First Cat Sadler, then Michelle Williams, and now Tracee Ellis Ross: One by one, Hollywood stars are beginning to open up and speak out about notable pay discrepancies, compared to how they stack up to their male counterparts.
Former E! News host Cat Sadler resigned from her position following failed negotiations after she found out that her male co-star was earning nearly twice as much. Mark Wahlberg decided to donate the $1.5 million he earned for a movie re-shoot, compared to his co-star Michelle Williams’ who earned less than 1 percent of that, after the pay gap created a media firestorm and backlash. And more recently, the entertainment world has been buzzing about the pay gap on one of TV’s hottest shows Black-ish, after it was revealed that Tracee Ellis Ross wasn’t paid the same as the male lead.
While the intent has never been to malign the male stars who got paid more — and may or may not have even realized it — the wave of salary transparency this has ushered in has got us wondering whether there will be a spillover effect in other industries as well.
Though not isolated to closing the gender pay gap, a growing number of states are enforcing salary history ban laws that prohibit employers from asking about a candidate’s salary history that may include compensation, benefits, wages, etc. during the application or interview process. At a basic level, it’s intended to mitigate and eventually eradicate the systemic problem where certain individuals get stuck within a pay bracket that’s near impossible to break out of. Even on a personal note, I have female friends who have tried to negotiate for a standard market rate for particular jobs, but were told not to expect too much more than what their previous employer was paying.
In addition to legislation, the public discourse on these types of issues are gradually chipping away at unequal pay for equally qualified individuals who are expected to perform similar jobs.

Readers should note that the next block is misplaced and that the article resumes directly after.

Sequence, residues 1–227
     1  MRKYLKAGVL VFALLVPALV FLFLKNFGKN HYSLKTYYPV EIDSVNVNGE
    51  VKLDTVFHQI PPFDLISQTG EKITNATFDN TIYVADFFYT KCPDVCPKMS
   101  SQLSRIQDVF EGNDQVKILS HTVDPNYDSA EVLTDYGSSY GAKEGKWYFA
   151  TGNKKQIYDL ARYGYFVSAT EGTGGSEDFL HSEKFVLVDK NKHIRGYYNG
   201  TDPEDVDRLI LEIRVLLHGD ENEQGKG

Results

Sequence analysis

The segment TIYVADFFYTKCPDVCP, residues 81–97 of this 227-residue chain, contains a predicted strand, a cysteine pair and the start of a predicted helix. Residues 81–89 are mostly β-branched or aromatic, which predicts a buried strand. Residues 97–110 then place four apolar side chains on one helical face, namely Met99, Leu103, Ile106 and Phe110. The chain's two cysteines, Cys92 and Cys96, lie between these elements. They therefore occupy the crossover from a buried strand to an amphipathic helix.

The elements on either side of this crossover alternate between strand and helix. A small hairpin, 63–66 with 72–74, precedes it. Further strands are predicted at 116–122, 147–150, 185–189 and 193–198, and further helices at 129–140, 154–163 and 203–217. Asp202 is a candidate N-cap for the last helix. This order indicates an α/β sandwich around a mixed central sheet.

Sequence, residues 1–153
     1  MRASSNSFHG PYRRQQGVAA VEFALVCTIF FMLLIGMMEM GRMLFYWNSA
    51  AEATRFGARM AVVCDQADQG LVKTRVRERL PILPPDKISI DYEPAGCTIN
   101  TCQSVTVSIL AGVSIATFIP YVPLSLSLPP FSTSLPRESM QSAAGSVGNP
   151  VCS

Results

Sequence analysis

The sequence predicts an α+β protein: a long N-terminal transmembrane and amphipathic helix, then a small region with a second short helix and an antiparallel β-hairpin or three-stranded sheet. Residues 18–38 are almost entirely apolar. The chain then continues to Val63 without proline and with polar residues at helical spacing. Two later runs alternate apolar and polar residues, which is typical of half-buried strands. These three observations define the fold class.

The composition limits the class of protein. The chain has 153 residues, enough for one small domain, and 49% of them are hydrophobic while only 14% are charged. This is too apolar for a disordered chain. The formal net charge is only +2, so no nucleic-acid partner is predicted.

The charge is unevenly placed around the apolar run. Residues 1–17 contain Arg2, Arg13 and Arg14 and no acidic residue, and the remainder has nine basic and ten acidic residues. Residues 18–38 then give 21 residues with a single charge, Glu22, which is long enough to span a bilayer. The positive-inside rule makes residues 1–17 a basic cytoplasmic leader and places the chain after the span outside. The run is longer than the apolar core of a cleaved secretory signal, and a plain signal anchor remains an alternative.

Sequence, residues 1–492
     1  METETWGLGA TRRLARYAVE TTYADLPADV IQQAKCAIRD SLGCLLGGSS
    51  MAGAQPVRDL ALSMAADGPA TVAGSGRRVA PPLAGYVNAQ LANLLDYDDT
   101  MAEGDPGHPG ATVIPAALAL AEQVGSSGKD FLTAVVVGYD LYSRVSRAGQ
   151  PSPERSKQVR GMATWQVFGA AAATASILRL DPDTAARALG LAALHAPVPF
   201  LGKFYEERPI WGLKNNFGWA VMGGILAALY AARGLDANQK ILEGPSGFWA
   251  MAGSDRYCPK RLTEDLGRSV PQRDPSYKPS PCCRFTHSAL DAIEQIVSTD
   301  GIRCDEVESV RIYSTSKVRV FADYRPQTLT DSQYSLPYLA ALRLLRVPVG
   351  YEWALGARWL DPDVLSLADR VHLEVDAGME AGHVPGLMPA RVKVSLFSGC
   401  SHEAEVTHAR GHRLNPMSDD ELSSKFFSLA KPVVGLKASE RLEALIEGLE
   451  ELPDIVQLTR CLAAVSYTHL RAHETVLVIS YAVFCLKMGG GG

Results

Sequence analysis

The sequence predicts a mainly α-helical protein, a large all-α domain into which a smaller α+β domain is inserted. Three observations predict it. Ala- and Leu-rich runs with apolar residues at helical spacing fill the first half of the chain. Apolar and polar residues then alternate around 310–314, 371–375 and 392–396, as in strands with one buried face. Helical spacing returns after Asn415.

What Does This Mean for You?
Just this week, news began to circulate online about a crowdsourced Google doc where TV writers could be transparent about how much they were making.
Hey folks. I received a copy of a google doc put together by TV writers where they are sharing their salaries. There are both men and women on here. If you are a TV writer you can add to this anonymously. https://t.co/QwLLs3Ybri— Melissa Silverstein (@melsil) January 23, 2018
With this kind of salary transparency among peers is gaining traction, you can start expecting employees to have a louder voice if they detect major discrepencies in pay compared to their male counterparts. When was the last time you took a look at your payrolls to see how much your male developers are compensated compared to equally qualified female developers?
Additionally, when it comes to your hiring process, use labor market data to ascertain what you should be paying a new hire and be transparent with potential candidates about the compensation you are willing to offer versus inquiring about their salary history and opening the door to more subjective rate-setting.
Uncomfortable conversations can lead to needed change, so take the appropriate steps now to ensure a level playing field in the future.